|Laufzeit:||Ca. 117 min.|
|FSK:||From 6 years|
|Anzahl der Disc:||1|
|Sprachen:||English (Dolby Digital 5.1)|
|Extras:||Outtake, music videos, joke video, trailer|
|Label:||Warner Home Video Germany|
Film: The life of screenwriter Henry (Til Schweiger), his ten-year-old daughter Magdalena (Emma Schweiger), his girlfriend Katharina (Jasmin Gerat) and their baby Louis had just returned to normal when the chaos hit the small patchwork family again. Because not only that the tensions between Henry and Katharina increase so much from day to day that she moves out of her flat together to finally be able to write her new book in peace. Now, of all times, Magdalena's cuckoo father Tristan (Samuel Finzi) has also reported to the couple with a bad news: he has lost all his savings and now has to move in with Henry. It goes without saying that the two men repeatedly clash due to their completely different educational methods. The fact that Magdalena falls in love for the first time in the middle of this family chaos doesn't make things any easier for her fathers...
As already with "Keinohrhase" and "Zweiohrküken" Til Schweiger chose the exact same poster motif for the two parts of "Kokowääh". Only the "2" behind the title reveals that these are different films. This may be dismissed as rather bold unimaginativeness, but it can also be declared as refreshing honesty. Schweiger makes it clear to his viewers right from the start what they are offered here: more of what they saw in Part 1 - and thus exactly what they want to see. Neither stylistically nor dramaturgically, the continuation of the cinema success of 2011 is breaking new ground. The optic is dominated by sepia tones, the soundtrack is often a bit overpowering, the protagonists have to scream at it, and the humorous scenes are not exactly subtle, with the actors playing on overdone facial expressions and gestures, all of which are now trademarks of a typical Til Schweiger comedy. And of course all this can be found at "Kokowääh 2".
Of course these trademarks are things that are easy to criticize. For example, when Schweiger falls back on the so popular "The baby pisses its daddy full when changing diapers" gag and Samuel Finzi comments on it with almost hysterical laughter, then critics are quickly inclined to dismiss it as pure and unimaginative jokes. The same applies to scenes in which Schweiger captures the reactions of the protagonists or involved extras after certain jokes until the last one has understood that it is a matter of laughing here. But on the other hand, Schweiger cannot be denied that he is very good at giving his audience what they want to see.
After all, he seems to hit the mark with an audience of millions. His fans love the stories he tells and the way he stages his films. You can criticize it as much as you like - as long as the audience likes it and they flock to the cinemas, Til Schweiger will hardly care about the negative voices and continue to go the usual and very successful way. The only thing that's really unfortunate is that he's giving away a lot of potential - his own and that of his mostly really good co-stars. Because as a director Til Schweiger has real talent when it comes to beautiful pictures of international format. A little more dramatic depth and a little less faecal humour would add value to his films. And if he would allow his actors to reduce the play with the facial expressions a little and approach the whole thing a little more sensitively, then many of the critics would surely fall silent very quickly (as for example with the really beautiful "No-Ear Bunny").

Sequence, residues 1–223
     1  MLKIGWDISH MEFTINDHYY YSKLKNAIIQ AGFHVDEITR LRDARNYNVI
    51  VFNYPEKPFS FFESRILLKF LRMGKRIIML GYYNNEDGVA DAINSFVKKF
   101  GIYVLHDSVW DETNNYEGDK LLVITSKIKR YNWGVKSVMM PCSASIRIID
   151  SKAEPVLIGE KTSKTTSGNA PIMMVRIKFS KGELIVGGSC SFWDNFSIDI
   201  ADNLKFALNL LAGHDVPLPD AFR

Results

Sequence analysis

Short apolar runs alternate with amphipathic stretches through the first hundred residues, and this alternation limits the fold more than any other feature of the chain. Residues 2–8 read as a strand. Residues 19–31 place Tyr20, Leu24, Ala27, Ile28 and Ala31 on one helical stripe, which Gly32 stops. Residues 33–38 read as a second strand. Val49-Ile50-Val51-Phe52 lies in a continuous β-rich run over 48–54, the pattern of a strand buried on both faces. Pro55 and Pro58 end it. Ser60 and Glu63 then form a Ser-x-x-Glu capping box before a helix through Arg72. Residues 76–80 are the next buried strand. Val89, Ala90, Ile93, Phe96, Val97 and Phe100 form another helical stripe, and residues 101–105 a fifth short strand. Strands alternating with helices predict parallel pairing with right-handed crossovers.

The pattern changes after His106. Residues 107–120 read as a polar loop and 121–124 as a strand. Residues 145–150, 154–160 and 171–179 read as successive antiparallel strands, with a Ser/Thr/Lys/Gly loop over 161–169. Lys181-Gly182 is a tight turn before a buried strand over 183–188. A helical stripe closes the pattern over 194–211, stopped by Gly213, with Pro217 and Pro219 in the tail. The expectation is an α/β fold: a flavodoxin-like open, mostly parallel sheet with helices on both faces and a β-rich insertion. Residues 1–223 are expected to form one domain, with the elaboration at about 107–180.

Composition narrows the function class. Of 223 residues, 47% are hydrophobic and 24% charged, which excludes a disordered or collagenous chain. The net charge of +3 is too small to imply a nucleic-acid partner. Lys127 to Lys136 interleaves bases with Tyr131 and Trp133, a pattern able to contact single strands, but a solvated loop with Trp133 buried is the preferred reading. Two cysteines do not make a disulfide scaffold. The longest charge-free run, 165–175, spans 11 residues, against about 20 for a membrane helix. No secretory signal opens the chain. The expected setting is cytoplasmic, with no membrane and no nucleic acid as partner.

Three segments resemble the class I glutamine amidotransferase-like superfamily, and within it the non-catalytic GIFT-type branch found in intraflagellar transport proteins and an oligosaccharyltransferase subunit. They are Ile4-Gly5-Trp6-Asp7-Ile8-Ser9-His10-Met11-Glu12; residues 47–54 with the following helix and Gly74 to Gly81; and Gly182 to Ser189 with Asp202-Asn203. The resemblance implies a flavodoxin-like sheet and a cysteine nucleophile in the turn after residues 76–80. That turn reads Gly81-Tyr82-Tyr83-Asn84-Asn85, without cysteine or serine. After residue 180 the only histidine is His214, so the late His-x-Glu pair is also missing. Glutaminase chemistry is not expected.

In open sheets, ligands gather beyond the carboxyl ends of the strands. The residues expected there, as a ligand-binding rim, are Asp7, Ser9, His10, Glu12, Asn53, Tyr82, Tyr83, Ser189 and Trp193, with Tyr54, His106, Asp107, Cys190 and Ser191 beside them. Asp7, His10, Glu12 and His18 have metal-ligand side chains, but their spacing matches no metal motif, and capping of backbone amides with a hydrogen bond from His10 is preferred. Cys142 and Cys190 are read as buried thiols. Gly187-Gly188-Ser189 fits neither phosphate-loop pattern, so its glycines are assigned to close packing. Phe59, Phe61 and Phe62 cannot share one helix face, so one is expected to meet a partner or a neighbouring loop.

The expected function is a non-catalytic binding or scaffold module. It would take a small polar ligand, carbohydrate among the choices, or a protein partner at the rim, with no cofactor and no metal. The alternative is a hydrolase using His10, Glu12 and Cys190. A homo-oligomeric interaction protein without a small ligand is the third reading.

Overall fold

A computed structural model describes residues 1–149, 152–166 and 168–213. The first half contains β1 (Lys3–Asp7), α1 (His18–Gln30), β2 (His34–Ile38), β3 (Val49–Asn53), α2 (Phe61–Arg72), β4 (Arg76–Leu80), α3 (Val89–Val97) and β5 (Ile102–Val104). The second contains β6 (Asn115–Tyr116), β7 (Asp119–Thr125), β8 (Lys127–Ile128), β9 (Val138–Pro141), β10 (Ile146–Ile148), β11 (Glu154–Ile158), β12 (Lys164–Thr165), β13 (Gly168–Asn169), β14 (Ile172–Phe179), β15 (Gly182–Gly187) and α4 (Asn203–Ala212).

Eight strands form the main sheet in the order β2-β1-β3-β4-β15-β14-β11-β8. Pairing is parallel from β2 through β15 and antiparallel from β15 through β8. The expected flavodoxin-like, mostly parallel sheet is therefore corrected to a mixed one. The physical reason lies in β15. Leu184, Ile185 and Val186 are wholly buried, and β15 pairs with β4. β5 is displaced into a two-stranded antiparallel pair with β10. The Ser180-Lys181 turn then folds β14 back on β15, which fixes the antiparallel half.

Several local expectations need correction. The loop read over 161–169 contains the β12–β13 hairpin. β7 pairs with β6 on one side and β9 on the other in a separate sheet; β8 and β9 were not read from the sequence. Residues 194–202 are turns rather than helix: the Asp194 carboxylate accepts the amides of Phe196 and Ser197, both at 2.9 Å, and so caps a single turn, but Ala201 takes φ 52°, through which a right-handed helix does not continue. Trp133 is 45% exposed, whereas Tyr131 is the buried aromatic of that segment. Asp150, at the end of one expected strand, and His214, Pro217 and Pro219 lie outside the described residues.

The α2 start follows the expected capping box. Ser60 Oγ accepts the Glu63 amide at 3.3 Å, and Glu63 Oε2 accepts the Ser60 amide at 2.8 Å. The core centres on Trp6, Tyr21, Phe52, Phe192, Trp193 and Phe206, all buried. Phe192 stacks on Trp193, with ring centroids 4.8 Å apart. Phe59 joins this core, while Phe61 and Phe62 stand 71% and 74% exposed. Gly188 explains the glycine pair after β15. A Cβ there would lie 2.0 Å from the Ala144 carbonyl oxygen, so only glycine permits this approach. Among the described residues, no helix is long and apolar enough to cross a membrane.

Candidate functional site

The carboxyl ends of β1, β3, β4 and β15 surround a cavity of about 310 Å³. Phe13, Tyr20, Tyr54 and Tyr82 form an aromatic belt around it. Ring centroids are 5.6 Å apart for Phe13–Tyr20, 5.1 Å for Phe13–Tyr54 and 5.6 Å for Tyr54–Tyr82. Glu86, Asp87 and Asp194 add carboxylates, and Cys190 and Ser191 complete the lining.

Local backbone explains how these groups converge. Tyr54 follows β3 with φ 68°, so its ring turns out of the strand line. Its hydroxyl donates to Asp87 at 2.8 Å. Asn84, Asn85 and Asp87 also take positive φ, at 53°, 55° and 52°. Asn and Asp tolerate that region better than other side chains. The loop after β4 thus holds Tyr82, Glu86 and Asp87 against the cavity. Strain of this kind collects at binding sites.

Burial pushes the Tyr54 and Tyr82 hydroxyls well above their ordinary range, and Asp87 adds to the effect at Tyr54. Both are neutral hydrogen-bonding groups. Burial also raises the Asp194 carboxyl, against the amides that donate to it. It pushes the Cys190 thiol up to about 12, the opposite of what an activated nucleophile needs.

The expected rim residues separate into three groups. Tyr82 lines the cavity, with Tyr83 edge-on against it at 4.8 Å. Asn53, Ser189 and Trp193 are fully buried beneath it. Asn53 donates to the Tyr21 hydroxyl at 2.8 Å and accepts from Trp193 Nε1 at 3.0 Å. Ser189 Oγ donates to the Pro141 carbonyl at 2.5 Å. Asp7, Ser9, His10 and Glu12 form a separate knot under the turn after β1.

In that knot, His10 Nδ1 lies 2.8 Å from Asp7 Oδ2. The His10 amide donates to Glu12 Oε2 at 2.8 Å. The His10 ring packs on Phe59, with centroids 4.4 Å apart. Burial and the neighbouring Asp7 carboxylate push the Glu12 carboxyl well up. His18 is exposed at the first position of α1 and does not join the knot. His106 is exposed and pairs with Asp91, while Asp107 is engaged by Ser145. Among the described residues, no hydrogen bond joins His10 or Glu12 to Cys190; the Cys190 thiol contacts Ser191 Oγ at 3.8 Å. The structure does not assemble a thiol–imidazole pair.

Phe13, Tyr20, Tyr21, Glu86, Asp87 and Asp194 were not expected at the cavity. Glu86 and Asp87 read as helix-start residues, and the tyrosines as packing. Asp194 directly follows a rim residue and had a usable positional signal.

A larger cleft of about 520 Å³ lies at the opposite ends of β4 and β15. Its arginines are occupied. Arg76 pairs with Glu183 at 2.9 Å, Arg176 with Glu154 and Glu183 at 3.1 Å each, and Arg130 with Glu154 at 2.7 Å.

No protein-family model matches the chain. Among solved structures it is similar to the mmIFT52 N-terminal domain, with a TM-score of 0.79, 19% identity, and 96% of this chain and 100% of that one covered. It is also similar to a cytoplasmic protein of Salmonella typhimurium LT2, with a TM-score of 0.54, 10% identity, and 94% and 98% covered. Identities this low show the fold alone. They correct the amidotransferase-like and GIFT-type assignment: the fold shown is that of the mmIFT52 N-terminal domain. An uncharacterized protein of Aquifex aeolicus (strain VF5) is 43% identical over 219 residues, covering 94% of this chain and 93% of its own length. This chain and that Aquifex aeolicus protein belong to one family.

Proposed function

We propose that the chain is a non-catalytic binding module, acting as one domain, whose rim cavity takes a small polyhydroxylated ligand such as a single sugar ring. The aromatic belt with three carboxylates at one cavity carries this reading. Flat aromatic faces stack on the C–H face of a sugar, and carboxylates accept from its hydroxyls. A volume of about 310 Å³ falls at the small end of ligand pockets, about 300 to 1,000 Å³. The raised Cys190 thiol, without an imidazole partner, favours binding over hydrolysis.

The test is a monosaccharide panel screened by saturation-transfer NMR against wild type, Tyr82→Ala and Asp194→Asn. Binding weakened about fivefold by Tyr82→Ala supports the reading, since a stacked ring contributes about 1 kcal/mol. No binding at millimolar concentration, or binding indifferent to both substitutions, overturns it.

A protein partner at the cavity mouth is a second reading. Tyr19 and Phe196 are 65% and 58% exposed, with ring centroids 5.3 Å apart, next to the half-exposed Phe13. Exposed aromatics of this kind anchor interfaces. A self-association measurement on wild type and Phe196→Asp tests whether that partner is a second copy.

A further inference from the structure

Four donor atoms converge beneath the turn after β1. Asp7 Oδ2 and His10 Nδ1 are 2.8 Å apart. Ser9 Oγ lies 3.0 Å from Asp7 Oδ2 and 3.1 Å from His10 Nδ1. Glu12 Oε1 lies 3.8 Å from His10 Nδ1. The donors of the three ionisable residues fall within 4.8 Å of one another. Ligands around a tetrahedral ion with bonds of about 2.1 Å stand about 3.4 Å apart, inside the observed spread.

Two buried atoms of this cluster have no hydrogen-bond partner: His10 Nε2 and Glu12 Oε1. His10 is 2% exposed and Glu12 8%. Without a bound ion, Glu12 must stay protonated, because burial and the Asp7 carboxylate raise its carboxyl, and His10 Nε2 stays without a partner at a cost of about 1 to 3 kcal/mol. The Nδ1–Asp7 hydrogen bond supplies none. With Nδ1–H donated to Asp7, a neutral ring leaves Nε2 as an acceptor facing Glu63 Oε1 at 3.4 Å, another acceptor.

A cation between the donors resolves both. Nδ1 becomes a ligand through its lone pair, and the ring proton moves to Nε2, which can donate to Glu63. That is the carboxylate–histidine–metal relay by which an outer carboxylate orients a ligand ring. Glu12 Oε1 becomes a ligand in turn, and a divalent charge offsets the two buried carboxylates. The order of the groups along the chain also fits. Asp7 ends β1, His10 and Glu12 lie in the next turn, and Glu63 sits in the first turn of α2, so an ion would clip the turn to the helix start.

So it can be said in conclusion about "Kokowääh 2" that it is first and foremost a film for fans. Spectators who don't like Til Schweiger and his films will feel confirmed in all their prejudices. But those who love him will also be entertained by this comedy. A wonderfully over-twisted-self-ironic Matthias Schweighöfer and some well-done moments between Henry and Tristan also console us that the sequel is a bit less charming than its predecessor and even more often makes use of flat jokes than to fully exploit the emotional potential of the story. Therefore there is only one thing clearly addressed to Til Schweiger fans: Worth seeing!
Picture + sound: The very warm colouring, which is typical for Til Schweiger's films in the meantime, is shown to advantage on the DVD. The image is also very clean and the overall sharpness is on a good to very good level. The Dolby Digital 5.1 Mix is also convincing. The fact that the music is sometimes mixed a bit loud is also one of Til Schweiger's favourite stylistic devices and should therefore not be evaluated as negative (at least not in technical terms).
Extras: As a bonus the DVD only has a short outtake of Emma & Til (ca. 1:05 min.), two music videos of The Script (ca. 3:22 min.) and the Disco Ensemble (ca. 3:39 min.), as well as two trailers and an amusing joke video (ca. 6:23 min.). If you want to see more extras, you have to go for Blu-Ray, which also has a Making of, Behind the Scenes featurettes and a team movie on board. Altogether the Blu-ray Disc has to offer about 45 minutes more bonus material than the DVD.
Fazit: With "Kokowääh 2" Til Schweiger will certainly not win any new fans. To most of his many loyal fans, on the other hand, he once again offers exactly what they want to see. That's cute, nice and amusing at times, then again the whole thing goes too much in the direction of Klamauk and makes use of all too stale jokes. Even if the charm of part 1 is not quite reached, those viewers who like the actor/director Til Schweiger and his comedies get their money's worth. Recommended
Ein Artikel von Frankfurt-Tipp